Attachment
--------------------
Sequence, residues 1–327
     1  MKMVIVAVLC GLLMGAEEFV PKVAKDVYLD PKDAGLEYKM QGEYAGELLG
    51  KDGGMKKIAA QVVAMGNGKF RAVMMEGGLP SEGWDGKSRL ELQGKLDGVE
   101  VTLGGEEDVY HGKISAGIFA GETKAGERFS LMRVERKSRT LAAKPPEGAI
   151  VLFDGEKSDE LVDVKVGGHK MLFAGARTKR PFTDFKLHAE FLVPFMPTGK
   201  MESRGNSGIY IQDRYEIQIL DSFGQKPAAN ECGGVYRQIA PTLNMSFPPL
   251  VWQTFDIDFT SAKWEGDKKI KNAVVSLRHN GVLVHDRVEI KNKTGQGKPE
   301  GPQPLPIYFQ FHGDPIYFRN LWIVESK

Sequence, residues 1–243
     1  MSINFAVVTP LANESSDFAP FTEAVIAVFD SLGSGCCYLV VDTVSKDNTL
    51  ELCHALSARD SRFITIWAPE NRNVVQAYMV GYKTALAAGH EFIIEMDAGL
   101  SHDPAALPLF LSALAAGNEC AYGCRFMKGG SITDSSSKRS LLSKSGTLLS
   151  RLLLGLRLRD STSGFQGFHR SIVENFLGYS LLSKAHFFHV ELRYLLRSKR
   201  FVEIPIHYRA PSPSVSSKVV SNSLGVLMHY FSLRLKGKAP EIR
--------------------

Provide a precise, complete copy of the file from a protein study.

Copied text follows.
Sequence, residues 1–327
     1  MKMVIVAVLC GLLMGAEEFV PKVAKDVYLD PKDAGLEYKM QGEYAGELLG
    51  KDGGMKKIAA QVVAMGNGKF RAVMMEGGLP SEGWDGKSRL ELQGKLDGVE
   101  VTLGGEEDVY HGKISAGIFA GETKAGERFS LMRVERKSRT LAAKPPEGAI
   151  VLFDGEKSDE LVDVKVGGHK MLFAGARTKR PFTDFKLHAE FLVPFMPTGK
   201  MESRGNSGIY IQDRYEIQIL DSFGQKPAAN ECGGVYRQIA PTLNMSFPPL
   251  VWQTFDIDFT SAKWEGDKKI KNAVVSLRHN GVLVHDRVEI KNKTGQGKPE
   301  GPQPLPIYFQ FHGDPIYFRN LWIVESK

Sequence, residues 1–243
     1  MSINFAVVTP LANESSDFAP FTEAVIAVFD SLGSGCCYLV VDTVSKDNTL
    51  ELCHALSARD SRFITIWAPE NRNVVQAYMV GYKTALAAGH EFIIEMDAGL
   101  SHDPAALPLF LSALAAGNEC AYGCRFMKGG SITDSSSKRS LLSKSGTLLS
   151  RLLLGLRLRD STSGFQGFHR SIVENFLGYS LLSKAHFFHV ELRYLLRSKR
   201  FVEIPIHYRA PSPSVSSKVV SNSLGVLMHY FSLRLKGKAP EIR